If you are recording live – with other instruments being recorded at the same time, then using a direct line out of your amp or plugging in directly with your guitar is likely the best way to go.
If you use an external microphone, then it will pick up noise from other instruments, which will make it harder to mix later on.
There are some things that can be fixed in the mix, but you want to try to get the best possible sound to begin with – it just makes life so much easier.
Tip #6: Experiment with Microphones
If you are recording using an external microphone (a great option if you want to really capture the sound of the instrument as it is) then you might want to experiment with microphones to see which you prefer.
If you are hiring a studio, then there might be options for you to try.
Otherwise, the amount that you can experiment will depend on your budget and the availability of microphones you can try.
Tip #7: Try Different Picks
The sound you create from one pick to the next can be drastically different. So try out different picks for the same part of a song and see what you prefer the sound of when recording. For recording purposes it may be different to the pick you like playing live or at band practice.
If you are recording more than one guitar part, then you might be using different picks for different parts.
>>Check this out for more on choosing picks
Tip #8: Choose the Room
If you are recording with an external mic then the room that you play in will make a big difference to the sound you get.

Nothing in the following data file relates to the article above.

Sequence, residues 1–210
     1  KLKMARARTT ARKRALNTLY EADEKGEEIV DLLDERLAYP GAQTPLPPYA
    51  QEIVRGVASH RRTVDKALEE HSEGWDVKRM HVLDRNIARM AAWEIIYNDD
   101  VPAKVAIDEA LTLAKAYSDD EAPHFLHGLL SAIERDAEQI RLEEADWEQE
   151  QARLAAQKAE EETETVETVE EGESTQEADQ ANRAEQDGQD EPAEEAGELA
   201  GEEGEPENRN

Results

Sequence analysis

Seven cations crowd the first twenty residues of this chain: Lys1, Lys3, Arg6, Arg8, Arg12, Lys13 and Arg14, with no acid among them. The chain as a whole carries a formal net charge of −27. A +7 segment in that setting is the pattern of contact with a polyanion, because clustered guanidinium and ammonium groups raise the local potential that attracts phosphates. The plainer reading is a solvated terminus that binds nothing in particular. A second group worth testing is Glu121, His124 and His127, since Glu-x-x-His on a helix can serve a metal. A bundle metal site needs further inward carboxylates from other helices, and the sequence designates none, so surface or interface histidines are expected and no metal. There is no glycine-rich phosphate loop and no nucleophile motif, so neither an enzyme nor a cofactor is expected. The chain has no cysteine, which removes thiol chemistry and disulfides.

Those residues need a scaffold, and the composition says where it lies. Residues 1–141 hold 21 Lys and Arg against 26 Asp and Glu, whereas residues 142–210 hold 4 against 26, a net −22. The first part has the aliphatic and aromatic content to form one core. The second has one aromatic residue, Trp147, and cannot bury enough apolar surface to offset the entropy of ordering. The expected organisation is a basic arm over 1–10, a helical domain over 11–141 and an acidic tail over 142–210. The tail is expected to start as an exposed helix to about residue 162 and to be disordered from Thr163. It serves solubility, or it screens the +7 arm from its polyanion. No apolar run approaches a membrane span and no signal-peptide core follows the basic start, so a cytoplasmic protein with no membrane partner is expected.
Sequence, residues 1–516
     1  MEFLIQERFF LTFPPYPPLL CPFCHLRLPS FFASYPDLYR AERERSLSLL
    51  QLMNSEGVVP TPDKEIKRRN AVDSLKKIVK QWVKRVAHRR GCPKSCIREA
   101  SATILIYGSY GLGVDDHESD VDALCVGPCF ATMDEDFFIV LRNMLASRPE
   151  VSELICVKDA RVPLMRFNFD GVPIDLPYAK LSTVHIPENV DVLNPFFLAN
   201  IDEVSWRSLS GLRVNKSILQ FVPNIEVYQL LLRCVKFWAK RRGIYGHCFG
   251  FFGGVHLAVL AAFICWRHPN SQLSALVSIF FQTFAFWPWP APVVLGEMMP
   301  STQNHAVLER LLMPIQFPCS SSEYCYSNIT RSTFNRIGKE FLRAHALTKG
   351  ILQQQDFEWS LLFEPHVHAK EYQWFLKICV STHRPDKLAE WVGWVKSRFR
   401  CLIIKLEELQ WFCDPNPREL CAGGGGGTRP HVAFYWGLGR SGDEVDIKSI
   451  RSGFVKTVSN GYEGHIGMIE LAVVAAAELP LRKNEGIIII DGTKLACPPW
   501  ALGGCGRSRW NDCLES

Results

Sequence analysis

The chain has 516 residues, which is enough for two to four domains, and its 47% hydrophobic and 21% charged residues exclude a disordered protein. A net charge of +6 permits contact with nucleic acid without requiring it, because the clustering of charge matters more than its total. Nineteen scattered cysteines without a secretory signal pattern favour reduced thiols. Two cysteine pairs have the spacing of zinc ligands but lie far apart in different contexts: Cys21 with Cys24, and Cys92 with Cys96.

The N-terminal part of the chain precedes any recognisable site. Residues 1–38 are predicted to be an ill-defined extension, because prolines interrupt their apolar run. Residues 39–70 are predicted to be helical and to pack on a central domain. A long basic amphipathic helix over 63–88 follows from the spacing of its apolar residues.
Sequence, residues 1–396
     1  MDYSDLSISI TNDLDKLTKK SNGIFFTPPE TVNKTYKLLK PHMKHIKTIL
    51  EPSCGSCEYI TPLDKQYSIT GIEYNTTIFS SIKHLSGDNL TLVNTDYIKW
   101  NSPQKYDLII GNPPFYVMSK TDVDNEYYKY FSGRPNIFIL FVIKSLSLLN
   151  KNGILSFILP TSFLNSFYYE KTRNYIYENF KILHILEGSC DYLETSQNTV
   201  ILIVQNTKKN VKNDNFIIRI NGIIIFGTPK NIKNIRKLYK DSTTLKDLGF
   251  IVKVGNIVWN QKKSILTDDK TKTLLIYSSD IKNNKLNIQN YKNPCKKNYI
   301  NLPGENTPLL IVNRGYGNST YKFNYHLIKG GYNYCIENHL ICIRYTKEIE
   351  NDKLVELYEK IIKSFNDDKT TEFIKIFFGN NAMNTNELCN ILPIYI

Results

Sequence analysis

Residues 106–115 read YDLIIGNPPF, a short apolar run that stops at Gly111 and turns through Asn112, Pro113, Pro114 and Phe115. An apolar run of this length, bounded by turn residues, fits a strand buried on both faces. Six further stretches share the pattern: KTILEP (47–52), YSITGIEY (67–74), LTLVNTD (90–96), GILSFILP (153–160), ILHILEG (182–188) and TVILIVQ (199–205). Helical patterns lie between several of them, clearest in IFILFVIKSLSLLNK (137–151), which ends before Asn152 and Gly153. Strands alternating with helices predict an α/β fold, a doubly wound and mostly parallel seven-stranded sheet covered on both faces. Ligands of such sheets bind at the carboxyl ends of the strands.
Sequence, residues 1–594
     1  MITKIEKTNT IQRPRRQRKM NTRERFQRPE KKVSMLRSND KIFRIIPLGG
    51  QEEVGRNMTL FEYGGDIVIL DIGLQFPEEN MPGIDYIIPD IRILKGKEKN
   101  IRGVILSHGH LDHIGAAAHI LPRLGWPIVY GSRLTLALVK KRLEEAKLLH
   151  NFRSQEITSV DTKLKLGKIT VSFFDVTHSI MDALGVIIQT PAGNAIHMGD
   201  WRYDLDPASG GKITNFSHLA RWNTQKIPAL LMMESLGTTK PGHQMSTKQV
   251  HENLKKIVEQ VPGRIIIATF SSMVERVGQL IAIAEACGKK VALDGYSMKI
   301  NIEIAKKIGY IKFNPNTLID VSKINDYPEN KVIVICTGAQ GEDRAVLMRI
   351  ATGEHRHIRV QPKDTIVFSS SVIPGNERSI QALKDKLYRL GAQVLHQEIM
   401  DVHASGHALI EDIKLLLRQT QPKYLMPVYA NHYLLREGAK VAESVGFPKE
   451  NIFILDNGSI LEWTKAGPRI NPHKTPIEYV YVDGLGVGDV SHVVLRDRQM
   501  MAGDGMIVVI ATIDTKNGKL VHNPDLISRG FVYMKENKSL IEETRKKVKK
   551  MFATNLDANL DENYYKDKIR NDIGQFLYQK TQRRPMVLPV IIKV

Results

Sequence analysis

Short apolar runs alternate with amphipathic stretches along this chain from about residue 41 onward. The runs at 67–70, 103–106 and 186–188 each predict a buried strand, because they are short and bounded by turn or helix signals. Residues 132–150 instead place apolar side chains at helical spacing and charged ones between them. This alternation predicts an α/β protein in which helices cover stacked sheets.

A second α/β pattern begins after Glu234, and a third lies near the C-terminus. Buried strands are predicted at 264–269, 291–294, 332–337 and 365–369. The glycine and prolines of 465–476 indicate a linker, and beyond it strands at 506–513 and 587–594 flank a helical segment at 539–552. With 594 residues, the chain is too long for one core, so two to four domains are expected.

Play in a room with too much dampening and your guitar might sound dull. Play in a room with too much echo and you are likely to get a washy sound.
Experiment with rooms in your house (if you are recording at home) and also try bringing in wooden furniture into the room or even just a nice big slab of wood.
This could make a big difference to the tone that you get.
Tip #9: Positioning the Microphone
The best place to start is by pointing the microphone at the fingerboard where the body of the guitar joins to the neck.
In terms of distance, start out with your microphone around 15? away from your guitar.
Then experiment from there to find the sound you like the most.
Move the mic so that?s pointing more towards the soundhole – this will likely give you a fuller, warmer sound. Move the mic towards the neck more – this will likely give you a less bassey, more treble-heavy sound.
Try moving the mic slightly closer to the guitar – this should give a warmer sound
Try moving the mic slightly further away – this should give a more ambient sound.
Experimenting with mic position will have a big effect on the sound you get.
Tip #10: Do Sample Takes with Other Instruments
If you?re final recording is going to consist of just your guitar, then you don?t need to worry about this.
But if there is going to be anything else in there at all, then see how your guitar sounds with those other parts. Even if it?s just guitar and voice. See how the sound that you?re getting goes with the voice.